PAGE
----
Josh shook his head. "We talked about it at Christmas. The last thing she remembers is telling Danny that she wasn't sorry about misleading the press about the pilot in Iraq. The next thing that she actually remembers at all clearly, is Leo waking her up and having Sam drive her home after she fell asleep in her office almost two days later."

"Well, she did hit her head," Donna said.

"That's not why she doesn't remember, Donna. She doesn't remember because CJ doesn't remember traumatic events. It's how she copes, she just shoves it aside and never deals with anything. Toby's right. This is who knows how much stuff catching up with her," Josh said sadly. "I can't decide if it's comforting that this would have happened sometime anyway."

"Josh? Do you think she might have..."

"PTSD?" Josh interrupted. "I don't know. She doesn't have flashbacks, I do know that, because she asked me what they were like, but I know she has nightmares sometimes. Then again, I think we all do."

"She has nightmares of things she doesn't remember?" Donna asked.

Josh shrugged. "Just because she doesn't actually remember them doesn't mean she doesn't know exactly what happened. She *knows* every detail of what happened that night, she just sees it through other people's eyes. Sam told me that's why he did the morning shows, she admitted to him that she couldn't remember what happened. But she doesn't remember that conversation, either- Sam told me about it a couple weeks later. She doesn't remember seeing me in the recovery room, doesn't remember that she had to fight with the doctors to be allowed to see me- Toby told me that she did. She can't remember sitting in the President's hospital room telling him about the briefings, but she knows it happened because she has notes from the conversation."

"I think that would be almost scarier than actually remembering it," Donna said.

"In some ways, it's a blessing. It meant she could take care of everyone else- Leo told me once that CJ was truly what held everything together after that night and that if she had fallen apart, the whole thing would have gone to hell," he said.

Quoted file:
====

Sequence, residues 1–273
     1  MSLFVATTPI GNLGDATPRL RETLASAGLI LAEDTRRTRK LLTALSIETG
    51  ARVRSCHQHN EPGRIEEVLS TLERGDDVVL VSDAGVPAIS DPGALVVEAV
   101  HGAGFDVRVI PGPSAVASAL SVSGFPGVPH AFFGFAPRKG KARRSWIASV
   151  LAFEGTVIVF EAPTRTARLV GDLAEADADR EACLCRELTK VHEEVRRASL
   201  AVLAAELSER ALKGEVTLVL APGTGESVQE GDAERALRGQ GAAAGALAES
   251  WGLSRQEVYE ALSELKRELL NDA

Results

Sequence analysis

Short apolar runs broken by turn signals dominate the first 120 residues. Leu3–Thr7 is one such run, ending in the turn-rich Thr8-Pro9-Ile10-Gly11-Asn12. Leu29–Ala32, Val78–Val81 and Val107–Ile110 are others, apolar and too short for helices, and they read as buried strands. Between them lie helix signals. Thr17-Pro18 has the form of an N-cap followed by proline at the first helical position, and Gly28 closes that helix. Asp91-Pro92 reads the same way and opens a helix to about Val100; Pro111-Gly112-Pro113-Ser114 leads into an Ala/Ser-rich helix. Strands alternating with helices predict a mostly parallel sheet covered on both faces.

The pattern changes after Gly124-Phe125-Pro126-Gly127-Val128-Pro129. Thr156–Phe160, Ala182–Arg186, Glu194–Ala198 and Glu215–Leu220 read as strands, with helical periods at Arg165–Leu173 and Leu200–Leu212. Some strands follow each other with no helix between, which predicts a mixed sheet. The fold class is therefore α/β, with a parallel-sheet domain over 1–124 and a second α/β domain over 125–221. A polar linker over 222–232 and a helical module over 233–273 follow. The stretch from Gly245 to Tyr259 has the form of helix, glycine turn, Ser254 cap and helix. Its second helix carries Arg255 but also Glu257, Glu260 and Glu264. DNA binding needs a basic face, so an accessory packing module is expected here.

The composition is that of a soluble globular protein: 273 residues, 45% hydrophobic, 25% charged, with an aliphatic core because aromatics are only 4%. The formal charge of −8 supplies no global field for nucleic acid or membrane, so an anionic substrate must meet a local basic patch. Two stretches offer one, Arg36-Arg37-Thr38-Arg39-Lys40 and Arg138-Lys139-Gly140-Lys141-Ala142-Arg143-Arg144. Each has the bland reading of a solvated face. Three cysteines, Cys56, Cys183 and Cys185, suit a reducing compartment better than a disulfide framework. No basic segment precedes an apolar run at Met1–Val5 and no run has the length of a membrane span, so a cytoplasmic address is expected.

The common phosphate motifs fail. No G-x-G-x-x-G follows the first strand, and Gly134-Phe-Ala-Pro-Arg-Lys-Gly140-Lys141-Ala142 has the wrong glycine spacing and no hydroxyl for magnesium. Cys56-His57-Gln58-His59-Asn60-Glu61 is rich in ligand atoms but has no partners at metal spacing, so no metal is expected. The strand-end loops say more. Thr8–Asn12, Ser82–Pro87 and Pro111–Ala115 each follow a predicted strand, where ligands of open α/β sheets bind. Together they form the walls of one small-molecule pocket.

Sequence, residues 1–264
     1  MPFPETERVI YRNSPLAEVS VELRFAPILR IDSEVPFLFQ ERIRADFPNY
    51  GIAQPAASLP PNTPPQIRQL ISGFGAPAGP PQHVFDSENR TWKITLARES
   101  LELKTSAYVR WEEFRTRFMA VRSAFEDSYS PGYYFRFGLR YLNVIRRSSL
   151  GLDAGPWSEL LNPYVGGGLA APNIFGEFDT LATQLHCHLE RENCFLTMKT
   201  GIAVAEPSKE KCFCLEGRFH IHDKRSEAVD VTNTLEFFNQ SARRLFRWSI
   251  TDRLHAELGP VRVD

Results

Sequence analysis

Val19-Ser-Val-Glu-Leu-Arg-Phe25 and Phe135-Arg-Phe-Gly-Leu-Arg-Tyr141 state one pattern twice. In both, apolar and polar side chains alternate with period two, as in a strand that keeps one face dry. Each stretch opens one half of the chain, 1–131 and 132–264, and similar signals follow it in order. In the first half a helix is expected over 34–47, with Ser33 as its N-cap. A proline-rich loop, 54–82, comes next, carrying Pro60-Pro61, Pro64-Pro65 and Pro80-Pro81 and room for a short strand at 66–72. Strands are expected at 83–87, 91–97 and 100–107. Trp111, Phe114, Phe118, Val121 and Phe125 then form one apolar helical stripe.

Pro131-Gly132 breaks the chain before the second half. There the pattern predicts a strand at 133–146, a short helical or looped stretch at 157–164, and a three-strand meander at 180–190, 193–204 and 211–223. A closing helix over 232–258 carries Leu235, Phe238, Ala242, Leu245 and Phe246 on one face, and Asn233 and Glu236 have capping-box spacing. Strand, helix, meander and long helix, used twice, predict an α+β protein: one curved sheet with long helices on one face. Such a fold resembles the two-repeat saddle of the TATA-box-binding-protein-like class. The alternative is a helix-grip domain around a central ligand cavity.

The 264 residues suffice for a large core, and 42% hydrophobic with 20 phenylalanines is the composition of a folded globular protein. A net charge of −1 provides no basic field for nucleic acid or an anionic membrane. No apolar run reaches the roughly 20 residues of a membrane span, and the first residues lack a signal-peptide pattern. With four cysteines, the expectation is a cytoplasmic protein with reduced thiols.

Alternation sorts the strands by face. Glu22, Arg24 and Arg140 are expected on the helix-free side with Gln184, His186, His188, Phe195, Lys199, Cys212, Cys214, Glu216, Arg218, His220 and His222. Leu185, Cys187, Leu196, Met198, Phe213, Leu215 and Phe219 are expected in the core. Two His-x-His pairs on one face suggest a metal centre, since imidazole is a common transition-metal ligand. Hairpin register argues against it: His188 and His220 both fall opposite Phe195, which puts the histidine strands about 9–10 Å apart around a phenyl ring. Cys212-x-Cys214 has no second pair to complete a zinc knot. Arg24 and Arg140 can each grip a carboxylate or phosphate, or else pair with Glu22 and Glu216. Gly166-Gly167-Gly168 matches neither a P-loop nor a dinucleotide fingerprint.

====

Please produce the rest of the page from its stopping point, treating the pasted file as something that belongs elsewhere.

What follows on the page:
"She was amazing, Josh. She was utterly calm about absolutely everything. I mean, I've seen the footage from the first press conference, but even then, she was more together than anyone else was. And then for weeks, she was the only one of us who actually could do anything," Donna told him, the awe apparent in her voice.

"But there's a price to pay for that," Josh said, looking at her.

"I know. We just couldn't think of it at the time," Donna admitted.

"Of course you couldn't. And I bet if you asked CJ how she was doing, she would have been surprised you were asking and have told you she was fine. And no one would have asked her, because we overlook her because she's always "fine". Sometimes I wish I'd forced her to talk to me once I was feeling better, but I was too scared to listen to what she would say. But I don't know that it would have made a difference, she would have just avoided me, and I just didn't want her to do that." He sighed and rested his head on his hand. "On the day...just a week or so ago, I guess. She was so quiet and so distant that I wondered if she was actually remembering what happened for the first time, or if she just felt awkward because she doesn't remember what happened. I never considered that she was distant because she was trying to deal with all of this."

"You couldn't have known, Josh. You're not a mind reader," Donna soothed.

"I could have noticed, though," he said. "I could have noticed," he repeated almost to himself.

There was nothing Donna could say to that. They sat silent until Josh's beeper went off and he glanced down at the message. "Donna, she woke up," he said, standing up hurriedly.

"She's awake?" Donna asked as he helped her to her feet. He nodded. "Oh, thank God," Donna whispered.

Josh nodded, hoping that God was listening to his own silent prayer, knowing that the struggle had only just begun.